On October 19 2015, Justin Trudeau, currently our Prime Minister, led the Liberal Party of Canada to victory with a comfortable parliamentary majority. Legalizing and regulating the sale of cannabis to adults was part of the party’s platform. In June 2016, Justice Minister Wilson-Raybould announced the formation of a task force to develop a legalization plan. In any sane nation, the federal department responsible for public health would then have announced its new cannabis education program. In its plan, this sane department would have included the following.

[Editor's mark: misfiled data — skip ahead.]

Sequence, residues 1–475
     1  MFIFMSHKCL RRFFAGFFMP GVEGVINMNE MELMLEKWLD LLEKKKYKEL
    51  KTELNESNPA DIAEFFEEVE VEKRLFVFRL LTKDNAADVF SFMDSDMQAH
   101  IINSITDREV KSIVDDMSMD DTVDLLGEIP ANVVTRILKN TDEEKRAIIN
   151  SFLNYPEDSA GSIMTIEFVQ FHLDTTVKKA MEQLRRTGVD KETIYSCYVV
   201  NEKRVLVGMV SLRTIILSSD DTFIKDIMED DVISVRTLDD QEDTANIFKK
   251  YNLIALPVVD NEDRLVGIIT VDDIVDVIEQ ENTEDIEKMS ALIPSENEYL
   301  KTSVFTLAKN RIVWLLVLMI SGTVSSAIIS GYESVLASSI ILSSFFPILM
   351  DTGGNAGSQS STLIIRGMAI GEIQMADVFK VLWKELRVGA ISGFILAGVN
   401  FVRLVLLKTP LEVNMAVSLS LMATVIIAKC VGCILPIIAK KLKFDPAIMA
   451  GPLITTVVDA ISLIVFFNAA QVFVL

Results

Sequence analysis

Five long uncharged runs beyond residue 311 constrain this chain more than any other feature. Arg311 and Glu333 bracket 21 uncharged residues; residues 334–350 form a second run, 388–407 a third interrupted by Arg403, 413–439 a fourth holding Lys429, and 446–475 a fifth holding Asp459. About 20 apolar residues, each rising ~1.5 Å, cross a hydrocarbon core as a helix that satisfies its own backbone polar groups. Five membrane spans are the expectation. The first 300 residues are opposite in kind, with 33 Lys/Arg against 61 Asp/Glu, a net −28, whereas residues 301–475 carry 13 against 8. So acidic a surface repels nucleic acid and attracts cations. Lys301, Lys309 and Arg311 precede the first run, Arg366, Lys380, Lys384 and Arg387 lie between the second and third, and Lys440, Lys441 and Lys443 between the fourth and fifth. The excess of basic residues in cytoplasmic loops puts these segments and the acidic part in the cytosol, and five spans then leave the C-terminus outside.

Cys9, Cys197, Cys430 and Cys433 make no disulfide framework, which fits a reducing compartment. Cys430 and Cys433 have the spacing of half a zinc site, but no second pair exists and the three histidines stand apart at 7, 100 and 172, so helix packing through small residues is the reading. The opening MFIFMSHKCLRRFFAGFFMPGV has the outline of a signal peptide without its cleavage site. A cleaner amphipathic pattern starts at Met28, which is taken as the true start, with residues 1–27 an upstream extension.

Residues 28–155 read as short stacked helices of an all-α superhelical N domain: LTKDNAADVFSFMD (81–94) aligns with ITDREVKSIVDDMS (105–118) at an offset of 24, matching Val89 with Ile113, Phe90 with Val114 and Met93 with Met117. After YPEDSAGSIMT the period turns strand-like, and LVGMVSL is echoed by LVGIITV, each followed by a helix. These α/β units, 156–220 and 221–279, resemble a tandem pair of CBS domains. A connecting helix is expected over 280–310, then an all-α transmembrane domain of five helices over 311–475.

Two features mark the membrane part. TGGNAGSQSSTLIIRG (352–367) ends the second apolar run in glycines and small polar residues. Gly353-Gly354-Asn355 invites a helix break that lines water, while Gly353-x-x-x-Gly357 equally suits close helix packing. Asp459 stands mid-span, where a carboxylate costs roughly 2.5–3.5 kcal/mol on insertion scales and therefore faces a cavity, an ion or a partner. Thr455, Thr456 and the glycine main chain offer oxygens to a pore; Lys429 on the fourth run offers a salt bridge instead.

1. Eliminate from the criminal code, section 462.2. That section states that every one who knowingly imports into Canada, or exports from Canada, instruments for illicit drug use, or literature seen as promoting the same, is subject to arrest and prosecution. A first offense is punishable by a fine of up to $100,000, or six months in prison. The federal Conservatives led by Brian Mulroney crafted this law in 1988, at the height of Ronald Reagan’s hopped war on drugs. If you have ever wondered why our bookshops are not stocked, at this late stage, with useful literature on cannabis, wonder no more. Of course you can get just about anything on Amazon.ca, but that is useful only for people actively engaged in self-education on the topic, and who know more or less what they are looking for. Wander about the shelves of your local shops, or even public libraries, and you will find no clue that the plant exists.